YANKWICH, District Judge.
On January 25, 1956, the Grand Jury for the United States District Court in and for the District of Idaho, Central Division, presented an Indictment against the appellant, James Henry Audett, charging him in Count I with attempting to enter and entering the First National Bank of Cottonwood, Cottonwood, Idaho, the deposits of which were insured by the Federal Deposit Insurance Corporation, with intent to commit the crime of larceny, — a violation of the federal law.
On April 2, 1956, the appellant, appearing in court with one of his counsel, Dean E. Miller, was arraigned and entered his plea of not guilty. A trial was had before a jury on April 9 and 10 of the same year. On the latter date the jury found the appellant guilty on both counts. The Court, on the same day, sentenced the appellant to the custody of the Attorney General for a period of twenty years on Count I and ten years on Count II, the sentences to run concurrently. Additional facts will appear further on in the opinion.
This is on appeal from the Judgment.
The Right To Counsel
The most fundamental issue raised in this case is that of improper representation by counsel in violation of the rights guaranteed by the Constitution of the United States. Both the due process clause
It has become axiomatic that, in the absence of intelligent waiver, the right to the assistance of counsel in criminal cases
And prejudice will be inferred from the denial of assistance of counsel.
It is argued on behalf of the appellant that there was such denial here, because he was represented at the trial by the firm of Meek and Miller, consisting of Frank E. Meek and Dean E. Miller, and that Dean E. Miller was, at the time of such representation, disqualified from practicing before the United States District Court because he was a United States Commissioner for the District of Idaho, stationed at Caldwell, Idaho.
It is insisted that the United States Commissioner is an "officer or employee"
The fact that the Administrative Office passes on the lawful fees of the United States commissioners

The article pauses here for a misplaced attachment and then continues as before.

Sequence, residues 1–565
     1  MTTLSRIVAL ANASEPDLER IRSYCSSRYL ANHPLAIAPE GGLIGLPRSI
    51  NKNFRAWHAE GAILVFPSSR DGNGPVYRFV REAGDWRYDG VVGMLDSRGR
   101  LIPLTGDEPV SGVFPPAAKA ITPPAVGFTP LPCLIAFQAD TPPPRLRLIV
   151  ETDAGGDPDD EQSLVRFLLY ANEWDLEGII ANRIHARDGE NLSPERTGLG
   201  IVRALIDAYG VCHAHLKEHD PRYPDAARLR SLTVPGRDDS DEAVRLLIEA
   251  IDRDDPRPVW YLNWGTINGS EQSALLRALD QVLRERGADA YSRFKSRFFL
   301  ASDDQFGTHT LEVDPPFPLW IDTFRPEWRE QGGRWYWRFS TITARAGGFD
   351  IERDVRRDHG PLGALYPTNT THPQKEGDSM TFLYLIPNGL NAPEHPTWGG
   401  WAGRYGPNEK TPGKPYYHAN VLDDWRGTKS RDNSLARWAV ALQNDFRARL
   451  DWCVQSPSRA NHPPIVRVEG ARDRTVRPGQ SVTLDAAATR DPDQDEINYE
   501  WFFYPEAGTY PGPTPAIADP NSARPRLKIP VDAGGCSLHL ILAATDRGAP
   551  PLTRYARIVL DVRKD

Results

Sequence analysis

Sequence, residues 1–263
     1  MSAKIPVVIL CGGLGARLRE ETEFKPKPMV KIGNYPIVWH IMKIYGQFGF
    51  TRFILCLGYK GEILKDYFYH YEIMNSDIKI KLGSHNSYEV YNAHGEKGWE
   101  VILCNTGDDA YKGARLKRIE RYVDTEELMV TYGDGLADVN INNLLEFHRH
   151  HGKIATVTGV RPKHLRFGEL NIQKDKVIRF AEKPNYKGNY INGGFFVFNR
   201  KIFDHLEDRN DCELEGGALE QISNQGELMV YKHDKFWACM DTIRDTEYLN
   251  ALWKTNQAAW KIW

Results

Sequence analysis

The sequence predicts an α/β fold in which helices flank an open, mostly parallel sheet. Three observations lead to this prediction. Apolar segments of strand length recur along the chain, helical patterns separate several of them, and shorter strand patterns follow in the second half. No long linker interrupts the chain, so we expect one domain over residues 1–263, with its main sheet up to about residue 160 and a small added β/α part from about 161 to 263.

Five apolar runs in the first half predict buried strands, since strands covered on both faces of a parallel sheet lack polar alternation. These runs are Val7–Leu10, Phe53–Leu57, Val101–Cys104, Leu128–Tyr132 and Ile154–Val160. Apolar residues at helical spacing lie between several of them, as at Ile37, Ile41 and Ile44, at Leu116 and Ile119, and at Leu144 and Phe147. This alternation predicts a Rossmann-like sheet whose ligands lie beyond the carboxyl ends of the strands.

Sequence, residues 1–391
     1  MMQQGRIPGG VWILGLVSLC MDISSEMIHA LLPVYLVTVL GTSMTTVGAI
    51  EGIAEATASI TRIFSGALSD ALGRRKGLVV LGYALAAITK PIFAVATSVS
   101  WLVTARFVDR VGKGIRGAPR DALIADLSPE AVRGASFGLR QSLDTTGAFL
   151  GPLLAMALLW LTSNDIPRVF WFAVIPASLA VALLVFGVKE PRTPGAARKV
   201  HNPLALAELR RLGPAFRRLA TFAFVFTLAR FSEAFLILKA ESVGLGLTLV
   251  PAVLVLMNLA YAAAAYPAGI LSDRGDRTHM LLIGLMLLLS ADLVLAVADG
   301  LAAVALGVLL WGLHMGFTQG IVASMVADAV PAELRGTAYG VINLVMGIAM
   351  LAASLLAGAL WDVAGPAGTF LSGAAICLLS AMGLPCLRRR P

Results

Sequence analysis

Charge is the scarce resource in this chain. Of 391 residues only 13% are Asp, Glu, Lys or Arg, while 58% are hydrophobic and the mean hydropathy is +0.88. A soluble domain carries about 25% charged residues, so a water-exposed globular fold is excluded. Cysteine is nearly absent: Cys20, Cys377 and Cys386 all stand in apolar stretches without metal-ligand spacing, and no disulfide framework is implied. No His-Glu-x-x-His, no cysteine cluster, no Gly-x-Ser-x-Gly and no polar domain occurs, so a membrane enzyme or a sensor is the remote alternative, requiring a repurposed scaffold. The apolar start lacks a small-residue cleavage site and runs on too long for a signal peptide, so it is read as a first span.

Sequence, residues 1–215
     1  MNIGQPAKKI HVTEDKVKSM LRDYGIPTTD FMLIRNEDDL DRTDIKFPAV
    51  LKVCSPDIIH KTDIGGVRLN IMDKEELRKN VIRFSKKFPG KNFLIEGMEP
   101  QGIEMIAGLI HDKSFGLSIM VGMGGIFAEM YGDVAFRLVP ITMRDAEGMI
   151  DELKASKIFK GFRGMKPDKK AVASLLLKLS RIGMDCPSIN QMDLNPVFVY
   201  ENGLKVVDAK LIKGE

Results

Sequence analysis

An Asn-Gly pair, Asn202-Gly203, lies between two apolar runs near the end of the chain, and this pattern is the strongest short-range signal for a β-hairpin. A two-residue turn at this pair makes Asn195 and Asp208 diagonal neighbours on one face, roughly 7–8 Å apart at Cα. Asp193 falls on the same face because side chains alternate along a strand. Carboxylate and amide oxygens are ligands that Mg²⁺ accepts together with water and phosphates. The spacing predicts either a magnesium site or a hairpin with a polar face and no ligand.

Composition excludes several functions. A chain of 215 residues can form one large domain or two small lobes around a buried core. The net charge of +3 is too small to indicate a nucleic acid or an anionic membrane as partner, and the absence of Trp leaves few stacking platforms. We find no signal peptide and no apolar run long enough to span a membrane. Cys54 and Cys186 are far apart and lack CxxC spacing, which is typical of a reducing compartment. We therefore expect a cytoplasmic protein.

The only reason for the separate inclusion of the phrases "and the lawful fees of United States Commissioners"
The only direct limitation as to the qualifications of commissioners is that which provides that a person holding a civil or military office or employment under the United States or who is employed by any justice or judge of the United States
If we exclude the one provision relied on, the inapplicability of which has been fully demonstrated, there is no provision prohibiting commissioners from practicing law in the courts of the United States.
This warrants the conclusion that the Congress, by enacting this provision, recognized that commissioners not in this class, i. e., those who, like Mr. Miller in this case, are part-time commissioners receiving fees for such services as they perform and retaining them as compensation, devoting part time only to their office, are permitted to practice law in the courts of the United States. This accords with the policy obtaining in other instances, such as part-time referees in bankruptcy who are also permitted to practice law before the courts of the United States, except in bankruptcy cases, while full-time referees may not do so before any court.
Granted that one who represents a person accused of crime should exercise his duty with highest fidelity, we cannot, in the light of the preceding analysis, see how a commissioner of the United States who, in certain instances, exercises the right of a committing magistrate which may be exercised by state judicial officers "empowered to commit persons charged with offenses against the laws of the United States",
"Privileges so fundamental as to be inherent in every concept of a fair trial that could be acceptable to the thought of reasonable men will be kept inviolate and inviolable, however crushing may be the pressure of incriminating proof. But justice, though due to the accused, is due to the accuser also. The concept of fairness must not be strained till it is narrowed to a filament. We are to keep the balance true."
Because the contention here made as to the status of commissioners, if correct, would affect many part-time commissioners in this Circuit, we have discussed it with great fullness. We are led to the inevitable conclusion that there is no disqualification for a United States Commissioner to represent a person accused of crime in the trial of a criminal case before a court of the United States, in a matter with which he was not connected as a commissioner.
In the case before us there is the added fact that after the appellant employed the firm of which Mr. Dean E. Miller, the United States Commissioner, was a partner, the question of possible disqualification was fully discussed with the appellant. There is in the record a letter dated March 27, 1956, written by the senior partner of the firm which indicates that the matter had been discussed fully with the United States Attorney and, informally, with the Judge of the Court by counsel for the appellant. Appended to it was a waiver. The letter and waiver are reproduced in the margin.